Rising Gasoline Costs Vs. Fuel Efficiency
How much would drivers save if passenger vehicles already met fuel economy standards that will be in place in 2025?
April 13, 2013
In 2012, American drivers spent an average of about $1,870 over the course of the year on gasoline to fuel their cars. That is close to the highest level ever.
We wonder: How much less would each driver spend if today’s passenger vehicles were already as efficient as the fuel economy standards set by the U.S. government for 2025?
[toggle title_open=”A. 55% less is correct.” title_closed=”A. 55% less”]
If the entire U.S. personal vehicle fleet today were already at the fuel economy standard of 54.5 miles per gallon (MPG) set by the Obama Administration in August 2012 for 2025, the average driver’s fuel costs would be 55% less, according to calculations by the Environmental Defense Fund.
That would mean a savings of $1,036 — equivalent to about 2% of the median U.S. household’s annual income.[/toggle]
[toggle title_open=”B. 48% less is not correct.” title_closed=”B. 48% less”]
If the U.S. car fleet were similarly efficient as Europe’s is today, at around 40 MPG, the average U.S. driver would spend a total of $982 each year on fuel — or 48% less than they currently do. EU regulations are set to rise to 42 MPG by 2015.
Europeans often drive smaller cars, use subways and commuter trains to get to work and rely more on trains for longer-distance trips than Americans do.
But the issue before Americans is pretty straightforward: If European car makers can build cars that are so fuel efficient, there is no reason why U.S. manufacturers should not be able to do the same. It would clearly save U.S. households a great deal of money.[/toggle]
[toggle title_open=”C. 16% less is not correct.” title_closed=”C. 16% less”]
The 247 million passenger vehicles on U.S. roads today have an average fuel economy of 21.0 MPG. Of that total, 137 million are passenger cars. The remaining 110 million are light-duty trucks, which include sport-utility vehicles, pickup trucks and minivans.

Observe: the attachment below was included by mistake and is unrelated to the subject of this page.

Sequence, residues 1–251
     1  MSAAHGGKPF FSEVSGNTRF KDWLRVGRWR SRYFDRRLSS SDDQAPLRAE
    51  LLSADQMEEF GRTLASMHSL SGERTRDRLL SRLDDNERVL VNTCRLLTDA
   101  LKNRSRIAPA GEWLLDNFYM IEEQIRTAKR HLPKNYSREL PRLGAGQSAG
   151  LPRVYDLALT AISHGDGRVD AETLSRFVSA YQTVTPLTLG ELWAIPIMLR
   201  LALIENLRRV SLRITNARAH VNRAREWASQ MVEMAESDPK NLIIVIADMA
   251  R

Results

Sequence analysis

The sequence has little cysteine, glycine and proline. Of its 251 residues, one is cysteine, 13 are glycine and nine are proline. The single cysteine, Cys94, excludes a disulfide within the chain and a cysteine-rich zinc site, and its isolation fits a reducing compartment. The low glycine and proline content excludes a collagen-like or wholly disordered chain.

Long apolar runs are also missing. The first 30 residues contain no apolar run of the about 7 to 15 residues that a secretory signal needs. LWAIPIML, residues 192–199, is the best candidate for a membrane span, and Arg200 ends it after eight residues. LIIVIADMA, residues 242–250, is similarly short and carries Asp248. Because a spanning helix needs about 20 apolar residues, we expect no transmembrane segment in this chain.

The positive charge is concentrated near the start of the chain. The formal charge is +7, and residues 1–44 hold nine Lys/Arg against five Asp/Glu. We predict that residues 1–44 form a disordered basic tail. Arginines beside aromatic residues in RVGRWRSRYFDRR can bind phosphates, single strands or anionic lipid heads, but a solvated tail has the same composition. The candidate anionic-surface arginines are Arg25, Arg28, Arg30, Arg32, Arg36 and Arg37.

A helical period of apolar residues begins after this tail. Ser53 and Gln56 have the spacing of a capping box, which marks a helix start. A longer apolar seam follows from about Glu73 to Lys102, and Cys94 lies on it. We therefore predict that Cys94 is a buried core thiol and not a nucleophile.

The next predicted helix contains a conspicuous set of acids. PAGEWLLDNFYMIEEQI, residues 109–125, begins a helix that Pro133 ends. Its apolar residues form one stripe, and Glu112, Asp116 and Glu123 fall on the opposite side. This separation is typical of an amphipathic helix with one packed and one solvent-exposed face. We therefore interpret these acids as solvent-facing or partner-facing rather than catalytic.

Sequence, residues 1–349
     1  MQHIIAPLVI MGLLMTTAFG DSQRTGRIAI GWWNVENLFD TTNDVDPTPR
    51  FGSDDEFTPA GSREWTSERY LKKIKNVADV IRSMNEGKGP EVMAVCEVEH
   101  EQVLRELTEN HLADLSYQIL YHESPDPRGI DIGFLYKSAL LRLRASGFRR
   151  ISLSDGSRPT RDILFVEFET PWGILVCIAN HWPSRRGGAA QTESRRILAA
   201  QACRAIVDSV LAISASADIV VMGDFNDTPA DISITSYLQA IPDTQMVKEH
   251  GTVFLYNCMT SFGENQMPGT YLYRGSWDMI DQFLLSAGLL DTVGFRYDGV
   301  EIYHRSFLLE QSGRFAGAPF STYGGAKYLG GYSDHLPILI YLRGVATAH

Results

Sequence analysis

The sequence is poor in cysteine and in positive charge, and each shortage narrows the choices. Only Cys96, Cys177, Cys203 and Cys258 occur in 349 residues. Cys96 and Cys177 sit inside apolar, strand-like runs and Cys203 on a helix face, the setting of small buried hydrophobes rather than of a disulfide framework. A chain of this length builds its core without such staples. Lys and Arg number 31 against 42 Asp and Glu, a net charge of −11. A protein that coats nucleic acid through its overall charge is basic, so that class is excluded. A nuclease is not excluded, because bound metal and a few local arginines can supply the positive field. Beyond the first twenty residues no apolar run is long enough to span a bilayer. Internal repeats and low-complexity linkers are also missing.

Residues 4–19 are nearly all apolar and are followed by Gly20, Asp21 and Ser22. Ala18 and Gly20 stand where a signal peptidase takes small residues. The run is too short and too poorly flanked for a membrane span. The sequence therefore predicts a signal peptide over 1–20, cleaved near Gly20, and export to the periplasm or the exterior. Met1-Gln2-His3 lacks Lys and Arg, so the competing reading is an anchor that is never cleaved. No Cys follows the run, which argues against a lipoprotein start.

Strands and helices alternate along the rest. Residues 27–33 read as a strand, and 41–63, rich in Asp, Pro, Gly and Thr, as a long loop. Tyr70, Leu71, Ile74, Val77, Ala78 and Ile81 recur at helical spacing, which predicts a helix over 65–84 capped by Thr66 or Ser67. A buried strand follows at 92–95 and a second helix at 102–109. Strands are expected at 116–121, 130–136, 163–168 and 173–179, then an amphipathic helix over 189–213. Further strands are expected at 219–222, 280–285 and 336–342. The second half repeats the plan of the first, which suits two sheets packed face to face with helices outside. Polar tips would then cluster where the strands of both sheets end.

The 54.5 MPG U.S. fuel economy standard to be met by car manufacturers by 2025 is close to three times the current level of fuel efficiency.
However, that target will only apply to all new vehicles sold at that time. Since personal vehicles are typically in use for about 17 years, it will take quite a while before every driver in the United States has a much more fuel-efficient vehicle.
It is reasonable to assume a fuel economy of around 25.6 MPG for the entire passenger vehicle fleet in the United States in 2025. Each driver would thus spend 16% less a year on gas on average (or $304) in 2025.[/toggle][toggle title_open=”D. 1.5% less is not correct.” title_closed=”D. 1.5% less”]
Since 2009, the fuel economy of the average U.S. passenger vehicle has improved by almost 3% — from 20.4 MPG to 21.0 MPG.
A key part of the reason is that car manufacturers are using lighter materials to build new cars. Lighter cars mean moving around less weight, which improves their fuel economy and reduces raw material consumption.
That has helped U.S. drivers to spend 1.5% less (about $30) a year on gasoline, according to calculations by the Environmental Defense Fund.
This assumes that the 11,218 miles that American drivers drive on average each year does not change and that the price of gas remains around the recent national average of $3.50. When gas prices rise above this level, the incentive to drive more fuel-efficient cars naturally increases.[/toggle]
Editor’s note: This Globalist Quiz is based on data and analysis provided by Gernot Wagner and Beia Spiller of the Environmental Defense Fund.
To listen to The Globalist’s Stephan Richter discuss this quiz with Marketplace Morning Report host Jeremey Hobson, click here to open a pop-up media player.